In The Great Laptop Debates, I have been firmly in the pro-laptop camp. I don’t think it’s a good idea to ban them from classrooms. Many students need them to take notes, with or without official disability accommodation. It’s a waste of my time to police whether students use electronic devices, pass notes among each other, or roll their eyes. If I was a student, I would leave any class that would force me to shut down my laptop if I wanted to use it: Good bye and go bless your heart!
Be my guest, you might say, but what about those studies that show (correction, I’d say: claim) that students learn less in the presence of electronic devices?
Now, I could go on a rant about why I don’t buy those claims and why the evidence is weak, lacks validity, etc. This might be fun – in fact, it is fun: see The Tattooed Professor’s epic but not always accurate rant. But it wouldn’t show you how laptops can actually increase learning. It’s not enough that laptops don’t hurt students if used properly: we have to use them in a way that actually improves learning.
This is the time for full disclosure: I have not studied laptop use in classrooms in any systematic manner. I have not tried a wide variety of learning activities with laptops, haven’t collected data, haven’t published analyses of those data in SoTL journals. But I can do two things: point to literature and make some suggestions.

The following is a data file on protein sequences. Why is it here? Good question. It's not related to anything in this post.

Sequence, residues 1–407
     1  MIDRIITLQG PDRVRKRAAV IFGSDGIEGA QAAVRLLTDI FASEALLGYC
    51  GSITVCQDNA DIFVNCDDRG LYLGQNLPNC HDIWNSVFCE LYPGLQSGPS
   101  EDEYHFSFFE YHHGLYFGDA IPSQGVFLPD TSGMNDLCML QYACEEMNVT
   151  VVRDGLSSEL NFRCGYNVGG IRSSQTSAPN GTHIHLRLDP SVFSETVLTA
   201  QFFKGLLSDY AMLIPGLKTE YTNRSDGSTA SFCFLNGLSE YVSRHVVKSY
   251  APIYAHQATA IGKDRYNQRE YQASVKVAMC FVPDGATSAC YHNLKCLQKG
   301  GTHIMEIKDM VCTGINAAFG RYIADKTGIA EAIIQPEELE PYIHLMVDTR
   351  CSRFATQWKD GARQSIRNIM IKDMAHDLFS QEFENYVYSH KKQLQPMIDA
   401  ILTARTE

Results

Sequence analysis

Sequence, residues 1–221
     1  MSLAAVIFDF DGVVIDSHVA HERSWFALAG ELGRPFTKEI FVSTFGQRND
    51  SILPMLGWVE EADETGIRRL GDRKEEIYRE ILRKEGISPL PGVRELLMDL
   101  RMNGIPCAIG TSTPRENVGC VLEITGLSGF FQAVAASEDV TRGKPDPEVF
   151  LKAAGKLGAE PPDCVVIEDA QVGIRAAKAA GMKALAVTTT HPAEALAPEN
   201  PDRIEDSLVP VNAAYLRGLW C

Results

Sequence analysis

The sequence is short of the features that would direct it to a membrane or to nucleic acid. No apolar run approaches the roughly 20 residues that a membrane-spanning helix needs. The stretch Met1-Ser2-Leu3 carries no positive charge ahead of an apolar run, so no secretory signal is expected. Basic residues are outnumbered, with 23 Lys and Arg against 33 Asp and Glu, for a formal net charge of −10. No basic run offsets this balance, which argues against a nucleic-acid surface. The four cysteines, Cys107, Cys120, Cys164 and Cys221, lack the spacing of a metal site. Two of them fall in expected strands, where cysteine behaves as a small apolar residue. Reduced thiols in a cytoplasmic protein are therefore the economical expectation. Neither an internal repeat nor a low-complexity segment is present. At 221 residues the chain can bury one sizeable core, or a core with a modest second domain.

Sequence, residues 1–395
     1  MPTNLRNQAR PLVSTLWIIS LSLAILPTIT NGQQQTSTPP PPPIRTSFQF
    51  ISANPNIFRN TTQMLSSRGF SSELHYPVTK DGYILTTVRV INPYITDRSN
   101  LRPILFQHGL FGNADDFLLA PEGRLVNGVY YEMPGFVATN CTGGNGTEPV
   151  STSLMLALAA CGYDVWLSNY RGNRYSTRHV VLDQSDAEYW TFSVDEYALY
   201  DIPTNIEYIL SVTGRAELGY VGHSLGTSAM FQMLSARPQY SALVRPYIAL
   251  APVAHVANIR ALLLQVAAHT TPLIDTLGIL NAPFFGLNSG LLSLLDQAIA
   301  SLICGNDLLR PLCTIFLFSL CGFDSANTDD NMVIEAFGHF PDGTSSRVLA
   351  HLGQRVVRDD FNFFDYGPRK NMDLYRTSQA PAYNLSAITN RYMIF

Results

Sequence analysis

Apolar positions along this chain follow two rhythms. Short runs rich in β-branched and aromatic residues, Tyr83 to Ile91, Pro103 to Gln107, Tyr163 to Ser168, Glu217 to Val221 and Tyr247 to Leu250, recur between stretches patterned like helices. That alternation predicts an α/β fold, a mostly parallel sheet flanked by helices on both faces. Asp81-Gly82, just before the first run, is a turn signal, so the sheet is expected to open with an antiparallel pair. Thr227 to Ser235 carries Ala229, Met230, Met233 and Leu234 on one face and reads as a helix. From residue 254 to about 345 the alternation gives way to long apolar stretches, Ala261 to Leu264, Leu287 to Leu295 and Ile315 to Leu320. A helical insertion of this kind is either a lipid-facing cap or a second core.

Publications: I am sure that I’ve found only a small portion of all there is, but a good starting point (at least chronologically) is a 2005 issue of New Directions in Teaching and Learning edited by Barbara Weaver and Linda Nilson. The different articles report on intentional laptop use in a variety of classes at Clemson University. Weaver and Nilson’s introduction (pdf) summarizes a number of activities that are explained in more detail in the individual articles of the volume: using laptops to gather immediate responses from students, to conduct in-class online research and source evaluation, to deliver multimedia material such as videos, to engage students in simulations, or to take laptops on field trips for mobile classwork.